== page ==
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WORKING IN SWEDEN

EXPLAINED: How do you apply for Sweden’s new ‘talent visa’?

From June 1st, non-EU citizens can apply to come to Sweden on the new talent visa or "resi­dence permit for highly quali­fied persons". These are the latest details on how to apply.

EXPLAINED: How do you apply for Sweden's new 'talent visa'?
Workers in Sweden share ideas using post-it notes on a window. Photo: Lieselotte van der Meijs/Imagebank Sweden

Sweden’s “resi­dence permit for highly quali­fied persons to look for work or start a busi­ness” was voted through parliament in April as part of a set of changes to the country’s new work laws in April.

The visa was brought in as part of the January Agreement between the economically liberal Centre and Liberal Parties and the Social Democrat government. 

The basic form for the new talent visa was published when parliament voted it through: The visa allows non-EU citizens with a higher-level degree to apply for a visa of between three to nine months, which they can then use to stay in Sweden while they look for work or research setting up a new business.  

But the Migration Agency on June 1st published the details of what exact educational requirements are required to be eligible for the new visa, how much money applicants need to show they have to support themselves, and how and where to apply. They also published the form that needs to be filled in

What counts as an advanced-level degree and how do I prove it?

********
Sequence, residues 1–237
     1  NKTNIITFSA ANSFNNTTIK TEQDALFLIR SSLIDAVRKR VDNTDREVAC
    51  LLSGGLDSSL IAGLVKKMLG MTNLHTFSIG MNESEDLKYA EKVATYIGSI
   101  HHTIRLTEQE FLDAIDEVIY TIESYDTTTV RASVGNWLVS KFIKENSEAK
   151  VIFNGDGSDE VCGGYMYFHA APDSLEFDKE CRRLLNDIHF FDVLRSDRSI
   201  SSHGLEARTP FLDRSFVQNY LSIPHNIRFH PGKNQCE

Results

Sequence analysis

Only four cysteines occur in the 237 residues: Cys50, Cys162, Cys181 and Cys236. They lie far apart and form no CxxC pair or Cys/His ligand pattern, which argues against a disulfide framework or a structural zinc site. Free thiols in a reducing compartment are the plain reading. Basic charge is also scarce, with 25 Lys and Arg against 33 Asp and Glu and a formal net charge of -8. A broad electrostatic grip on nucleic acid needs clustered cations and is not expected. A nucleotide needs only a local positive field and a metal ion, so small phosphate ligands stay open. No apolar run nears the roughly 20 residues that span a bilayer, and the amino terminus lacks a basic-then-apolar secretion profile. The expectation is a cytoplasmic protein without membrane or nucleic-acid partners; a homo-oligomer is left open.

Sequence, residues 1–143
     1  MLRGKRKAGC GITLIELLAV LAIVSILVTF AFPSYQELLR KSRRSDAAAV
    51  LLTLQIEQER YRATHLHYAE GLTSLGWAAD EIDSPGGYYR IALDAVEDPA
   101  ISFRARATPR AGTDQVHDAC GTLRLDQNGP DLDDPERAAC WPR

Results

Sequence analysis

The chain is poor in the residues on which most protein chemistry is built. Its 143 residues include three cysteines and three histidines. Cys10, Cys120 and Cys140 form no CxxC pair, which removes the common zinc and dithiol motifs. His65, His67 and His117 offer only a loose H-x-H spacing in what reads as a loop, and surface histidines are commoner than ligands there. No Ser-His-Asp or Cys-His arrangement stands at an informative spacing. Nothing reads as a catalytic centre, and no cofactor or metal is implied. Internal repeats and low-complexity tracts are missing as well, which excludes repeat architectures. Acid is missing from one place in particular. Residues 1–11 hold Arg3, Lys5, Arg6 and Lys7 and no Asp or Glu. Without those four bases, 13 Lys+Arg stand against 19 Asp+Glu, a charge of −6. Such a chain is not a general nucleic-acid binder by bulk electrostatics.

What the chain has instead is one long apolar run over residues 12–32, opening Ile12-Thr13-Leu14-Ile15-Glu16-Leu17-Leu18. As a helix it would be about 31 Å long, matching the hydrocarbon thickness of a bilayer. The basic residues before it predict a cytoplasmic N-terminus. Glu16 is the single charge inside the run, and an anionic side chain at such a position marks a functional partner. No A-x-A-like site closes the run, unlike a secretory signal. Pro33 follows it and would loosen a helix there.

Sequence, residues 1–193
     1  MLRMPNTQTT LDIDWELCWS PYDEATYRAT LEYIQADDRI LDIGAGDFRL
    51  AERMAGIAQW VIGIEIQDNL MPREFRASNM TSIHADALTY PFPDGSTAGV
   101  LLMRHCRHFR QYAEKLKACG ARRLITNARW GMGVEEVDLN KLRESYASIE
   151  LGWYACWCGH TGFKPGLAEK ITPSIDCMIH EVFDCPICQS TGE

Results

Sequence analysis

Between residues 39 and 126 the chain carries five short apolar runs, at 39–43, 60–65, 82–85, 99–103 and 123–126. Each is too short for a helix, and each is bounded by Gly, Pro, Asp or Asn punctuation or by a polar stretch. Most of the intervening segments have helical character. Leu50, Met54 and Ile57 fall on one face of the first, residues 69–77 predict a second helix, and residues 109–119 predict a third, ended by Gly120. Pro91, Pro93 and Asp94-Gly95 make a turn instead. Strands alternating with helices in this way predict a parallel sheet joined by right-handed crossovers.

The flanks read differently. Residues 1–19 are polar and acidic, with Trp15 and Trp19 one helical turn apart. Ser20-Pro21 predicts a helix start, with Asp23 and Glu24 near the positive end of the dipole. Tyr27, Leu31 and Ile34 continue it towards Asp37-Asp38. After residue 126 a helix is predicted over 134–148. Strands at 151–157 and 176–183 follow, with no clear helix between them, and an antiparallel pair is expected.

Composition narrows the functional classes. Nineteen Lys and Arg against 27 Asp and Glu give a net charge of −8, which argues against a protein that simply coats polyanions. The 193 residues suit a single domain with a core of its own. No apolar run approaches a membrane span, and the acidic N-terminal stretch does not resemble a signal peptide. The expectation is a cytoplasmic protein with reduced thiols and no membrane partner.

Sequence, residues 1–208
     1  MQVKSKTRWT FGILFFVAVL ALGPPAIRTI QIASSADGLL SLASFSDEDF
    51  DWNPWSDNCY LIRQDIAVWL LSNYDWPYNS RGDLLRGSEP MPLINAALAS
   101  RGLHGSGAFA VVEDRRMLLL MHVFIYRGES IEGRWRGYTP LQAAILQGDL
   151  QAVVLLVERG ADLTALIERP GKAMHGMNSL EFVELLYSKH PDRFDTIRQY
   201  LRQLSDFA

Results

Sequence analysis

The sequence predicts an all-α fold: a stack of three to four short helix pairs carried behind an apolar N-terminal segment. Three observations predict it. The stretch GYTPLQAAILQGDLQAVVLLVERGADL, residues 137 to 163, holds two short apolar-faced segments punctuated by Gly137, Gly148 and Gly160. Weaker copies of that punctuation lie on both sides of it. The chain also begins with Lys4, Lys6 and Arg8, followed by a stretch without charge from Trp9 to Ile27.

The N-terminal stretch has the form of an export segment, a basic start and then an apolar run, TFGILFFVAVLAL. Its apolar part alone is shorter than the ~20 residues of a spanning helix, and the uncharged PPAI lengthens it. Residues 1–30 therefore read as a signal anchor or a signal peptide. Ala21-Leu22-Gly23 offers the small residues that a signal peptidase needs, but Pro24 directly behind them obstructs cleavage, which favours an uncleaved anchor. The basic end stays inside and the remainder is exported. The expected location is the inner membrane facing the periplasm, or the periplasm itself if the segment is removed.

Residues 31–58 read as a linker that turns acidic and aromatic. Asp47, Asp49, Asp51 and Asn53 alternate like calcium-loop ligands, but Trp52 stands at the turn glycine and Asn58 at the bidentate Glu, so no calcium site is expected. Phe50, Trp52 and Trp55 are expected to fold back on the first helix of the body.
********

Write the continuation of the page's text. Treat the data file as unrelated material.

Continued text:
The bar is set pretty low. To be eligible for the talent visa, applicants need to have a degree corresponding to at least a 60-credit Master’s degree, a 120-credit Master’s degree, a professional degree worth 60-330 credits, or a postgraduate/PhD-level degree.

You need to send copies of any examination certificates along with your application, as well as copies of the official transcript of your academic record, that shows the courses included in your education. 

If these documents are in a language other than English, French, Spanish, German, or a Nordic language, they have to be translated into Swedish or one of the above languages by an authorized translator.

You also need to print out, sign, scan, and send a letter of consent to the Swedish Council for Higher Education (UHR), allowing them to contact the educational institutions where you studied for your higher-level degree.

What financial assets do I need to show and how do I prove them?